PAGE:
How Infections Spread
Before you can prevent an infection, it is important to understand how they are spread.
- Infections are caused by bacteria, viruses and other microscopic organisms.
- These germs are found in the environment (water, soil, air) as well as in and on humans, in our body secretions (stool etc.) and in the tiny droplets that are generated by breathing, coughing, sneezing.
- Infections are spread through different means:
- Germs that cause diarrhea or other infections of the intestinal tract are found in feces. If personal hygiene is insufficient, stool may contaminate hands, food, water, surrounding objects and surfaces.
- The easy spread of intestinal infections is also due to the fact that some of the germs can survive on surfaces and objects for long periods of time.
- Proper handwashing is the most effective way to prevent the spread of intestinal infections.
- Germs that cause colds, strep throats etc. are found in the saliva and secretions of the nose. Colds and other minor infections including the eyes, nose and throat, are the most frequent illnesses in young children.
- When people cough, sneeze, have runny noses, or do anything that spreads droplets of secretions from the respiratory tract, the germs can spread. The germs can then be inhaled, or they may land in a person’s eye, nose or mouth. Indirect spread may also occur because some viruses can survive in the environment (e.g. counter tops) for days at a time.
- Because the respiratory viruses can be found in the nose and throat of children for several days before they show signs of an illness, it is important to follow good infection control practices at all times.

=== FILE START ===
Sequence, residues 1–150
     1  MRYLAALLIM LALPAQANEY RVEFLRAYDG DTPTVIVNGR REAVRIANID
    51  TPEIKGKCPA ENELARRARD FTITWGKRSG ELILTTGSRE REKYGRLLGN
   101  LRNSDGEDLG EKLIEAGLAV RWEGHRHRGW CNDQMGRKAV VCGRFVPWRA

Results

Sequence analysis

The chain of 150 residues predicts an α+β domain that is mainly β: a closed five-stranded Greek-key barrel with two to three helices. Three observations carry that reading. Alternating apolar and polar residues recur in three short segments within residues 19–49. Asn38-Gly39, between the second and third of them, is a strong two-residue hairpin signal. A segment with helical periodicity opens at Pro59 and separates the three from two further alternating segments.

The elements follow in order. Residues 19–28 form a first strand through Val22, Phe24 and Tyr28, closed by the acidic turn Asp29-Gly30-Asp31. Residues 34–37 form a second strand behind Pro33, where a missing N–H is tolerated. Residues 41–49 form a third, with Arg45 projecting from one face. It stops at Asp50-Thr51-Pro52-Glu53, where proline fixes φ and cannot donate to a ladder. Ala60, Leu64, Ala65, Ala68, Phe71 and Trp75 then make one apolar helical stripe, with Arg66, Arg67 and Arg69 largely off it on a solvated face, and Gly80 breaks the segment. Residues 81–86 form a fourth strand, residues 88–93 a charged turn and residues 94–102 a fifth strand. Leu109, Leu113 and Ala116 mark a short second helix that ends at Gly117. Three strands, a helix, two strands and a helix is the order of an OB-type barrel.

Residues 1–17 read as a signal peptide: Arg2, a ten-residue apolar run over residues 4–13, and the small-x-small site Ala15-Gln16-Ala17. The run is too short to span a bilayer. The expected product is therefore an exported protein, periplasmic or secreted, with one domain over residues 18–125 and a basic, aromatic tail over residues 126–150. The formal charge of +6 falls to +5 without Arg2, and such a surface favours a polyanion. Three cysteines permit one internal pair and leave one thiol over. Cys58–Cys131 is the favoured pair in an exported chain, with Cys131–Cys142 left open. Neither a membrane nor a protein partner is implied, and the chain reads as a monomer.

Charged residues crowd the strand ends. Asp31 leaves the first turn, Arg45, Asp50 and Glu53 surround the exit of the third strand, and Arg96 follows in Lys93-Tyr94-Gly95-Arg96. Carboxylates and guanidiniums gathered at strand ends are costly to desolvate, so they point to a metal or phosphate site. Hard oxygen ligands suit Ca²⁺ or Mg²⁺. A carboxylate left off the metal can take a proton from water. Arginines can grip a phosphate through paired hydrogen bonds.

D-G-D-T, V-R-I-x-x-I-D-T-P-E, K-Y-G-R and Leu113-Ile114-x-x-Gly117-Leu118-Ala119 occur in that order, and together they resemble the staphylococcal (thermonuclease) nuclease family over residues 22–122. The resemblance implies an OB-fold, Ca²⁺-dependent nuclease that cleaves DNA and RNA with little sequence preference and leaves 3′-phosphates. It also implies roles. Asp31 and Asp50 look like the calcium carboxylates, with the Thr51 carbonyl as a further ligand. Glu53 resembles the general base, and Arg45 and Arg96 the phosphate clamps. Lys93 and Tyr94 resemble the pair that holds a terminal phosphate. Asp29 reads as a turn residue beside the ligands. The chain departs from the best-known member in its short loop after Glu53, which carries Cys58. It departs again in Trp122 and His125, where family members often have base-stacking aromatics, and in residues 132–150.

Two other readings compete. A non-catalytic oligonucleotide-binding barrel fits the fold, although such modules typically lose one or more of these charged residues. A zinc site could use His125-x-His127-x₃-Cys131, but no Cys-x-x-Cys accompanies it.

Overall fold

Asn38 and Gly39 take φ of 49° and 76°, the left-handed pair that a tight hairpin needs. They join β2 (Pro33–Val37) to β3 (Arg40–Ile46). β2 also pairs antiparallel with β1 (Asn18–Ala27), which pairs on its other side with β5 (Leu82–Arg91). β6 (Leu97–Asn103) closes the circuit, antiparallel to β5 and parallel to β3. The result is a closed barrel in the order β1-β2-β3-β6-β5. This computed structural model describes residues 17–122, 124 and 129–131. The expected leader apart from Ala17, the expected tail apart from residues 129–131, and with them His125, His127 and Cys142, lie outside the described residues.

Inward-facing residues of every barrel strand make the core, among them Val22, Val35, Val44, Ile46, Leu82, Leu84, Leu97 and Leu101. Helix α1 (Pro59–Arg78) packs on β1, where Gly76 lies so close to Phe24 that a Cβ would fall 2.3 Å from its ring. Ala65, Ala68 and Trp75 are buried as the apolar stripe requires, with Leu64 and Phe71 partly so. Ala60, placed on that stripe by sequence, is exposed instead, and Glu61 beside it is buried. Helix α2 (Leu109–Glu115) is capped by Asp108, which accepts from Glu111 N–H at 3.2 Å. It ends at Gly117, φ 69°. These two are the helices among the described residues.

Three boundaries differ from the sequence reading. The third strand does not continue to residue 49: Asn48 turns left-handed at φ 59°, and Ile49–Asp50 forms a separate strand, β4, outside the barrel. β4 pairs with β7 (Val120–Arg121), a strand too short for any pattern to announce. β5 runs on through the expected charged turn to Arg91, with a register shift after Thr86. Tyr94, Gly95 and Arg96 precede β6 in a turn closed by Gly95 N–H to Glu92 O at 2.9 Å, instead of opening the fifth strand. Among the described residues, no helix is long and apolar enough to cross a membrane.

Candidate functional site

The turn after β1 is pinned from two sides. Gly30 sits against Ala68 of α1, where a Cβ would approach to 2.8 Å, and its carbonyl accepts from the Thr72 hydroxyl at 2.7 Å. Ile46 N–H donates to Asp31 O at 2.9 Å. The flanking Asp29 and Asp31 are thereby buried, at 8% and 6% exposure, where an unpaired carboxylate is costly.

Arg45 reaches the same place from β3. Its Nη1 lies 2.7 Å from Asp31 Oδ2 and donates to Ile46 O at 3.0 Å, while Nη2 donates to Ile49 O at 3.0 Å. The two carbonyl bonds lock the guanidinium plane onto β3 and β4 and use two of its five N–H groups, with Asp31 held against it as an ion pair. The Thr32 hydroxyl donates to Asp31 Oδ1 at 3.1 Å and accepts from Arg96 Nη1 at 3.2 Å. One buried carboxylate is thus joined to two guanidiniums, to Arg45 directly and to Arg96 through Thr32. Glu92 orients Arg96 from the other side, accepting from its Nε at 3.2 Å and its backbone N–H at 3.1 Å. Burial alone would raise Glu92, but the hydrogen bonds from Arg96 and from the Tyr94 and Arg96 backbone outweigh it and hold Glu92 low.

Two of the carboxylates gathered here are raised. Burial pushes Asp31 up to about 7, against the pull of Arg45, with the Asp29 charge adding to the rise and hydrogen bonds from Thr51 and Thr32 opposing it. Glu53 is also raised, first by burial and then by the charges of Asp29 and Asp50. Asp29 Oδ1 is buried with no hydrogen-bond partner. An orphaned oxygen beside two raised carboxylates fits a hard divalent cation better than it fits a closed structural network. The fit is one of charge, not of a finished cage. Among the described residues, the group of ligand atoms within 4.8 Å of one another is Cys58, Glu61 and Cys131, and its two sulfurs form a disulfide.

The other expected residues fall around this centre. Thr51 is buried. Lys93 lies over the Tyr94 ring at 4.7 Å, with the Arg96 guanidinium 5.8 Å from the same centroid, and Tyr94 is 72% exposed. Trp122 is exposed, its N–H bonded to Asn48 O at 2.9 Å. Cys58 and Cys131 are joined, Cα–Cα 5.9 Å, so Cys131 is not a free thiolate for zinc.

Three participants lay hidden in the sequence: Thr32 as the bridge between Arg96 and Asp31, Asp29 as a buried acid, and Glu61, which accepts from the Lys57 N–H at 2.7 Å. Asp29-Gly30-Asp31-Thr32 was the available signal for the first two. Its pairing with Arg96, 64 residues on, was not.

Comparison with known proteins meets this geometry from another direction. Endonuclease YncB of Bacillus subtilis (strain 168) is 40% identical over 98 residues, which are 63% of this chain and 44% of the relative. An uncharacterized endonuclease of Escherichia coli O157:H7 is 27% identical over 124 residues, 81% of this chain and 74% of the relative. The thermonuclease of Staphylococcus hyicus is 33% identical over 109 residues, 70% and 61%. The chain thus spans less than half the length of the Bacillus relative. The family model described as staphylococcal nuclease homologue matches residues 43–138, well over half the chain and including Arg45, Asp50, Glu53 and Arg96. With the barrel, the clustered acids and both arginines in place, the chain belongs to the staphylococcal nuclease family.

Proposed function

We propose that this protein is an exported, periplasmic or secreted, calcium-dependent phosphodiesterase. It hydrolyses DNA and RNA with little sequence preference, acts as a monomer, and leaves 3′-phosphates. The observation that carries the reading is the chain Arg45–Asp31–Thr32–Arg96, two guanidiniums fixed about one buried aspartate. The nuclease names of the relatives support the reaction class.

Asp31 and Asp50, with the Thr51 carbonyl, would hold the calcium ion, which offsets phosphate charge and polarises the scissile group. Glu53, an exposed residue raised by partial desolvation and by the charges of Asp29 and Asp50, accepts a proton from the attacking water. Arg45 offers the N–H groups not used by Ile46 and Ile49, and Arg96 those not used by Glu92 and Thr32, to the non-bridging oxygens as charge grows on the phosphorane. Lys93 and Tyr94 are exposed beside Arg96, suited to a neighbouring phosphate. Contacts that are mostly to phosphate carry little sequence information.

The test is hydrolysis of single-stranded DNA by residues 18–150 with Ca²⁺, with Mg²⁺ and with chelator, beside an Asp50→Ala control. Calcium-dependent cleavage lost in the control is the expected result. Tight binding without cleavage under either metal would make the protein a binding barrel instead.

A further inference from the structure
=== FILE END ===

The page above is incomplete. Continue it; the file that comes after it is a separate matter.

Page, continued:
Contact with blood
- The skin offers an excellent barrier when in contact with blood
- Several infections may be spread by direct contact with blood if there is a break in the skin (blood to blood) or direct contact with mucous membranes (i.e. eye, mouth)
- Only a small amount of blood or body fluids can cause infections so whenever any amount of blood or bloody body fluids is noticed, equipment, such as gloves, and proper cleaning and disinfection of exposed objects must occur.
See – Procedure for Cleaning Up Blood or Bodily Fluids on Hard Surfaces
Direct physical contact
- Infections, particularly skin infections such as impetigo and ringworm, are spread by direct physical contact. This is when children play together and one child touches the infected skin area of another child.
- Contaminated objects like toys, towels, even food and water, can also infect people. It is important that all objects are properly cleaned and sanitized and all food/water is from approved sources.
Simcoe Muskoka District Health Unit (2007). Daycare Operator’s Manual. Pg. 3-4.
Page Last Modified: Tuesday, 23 September 2014.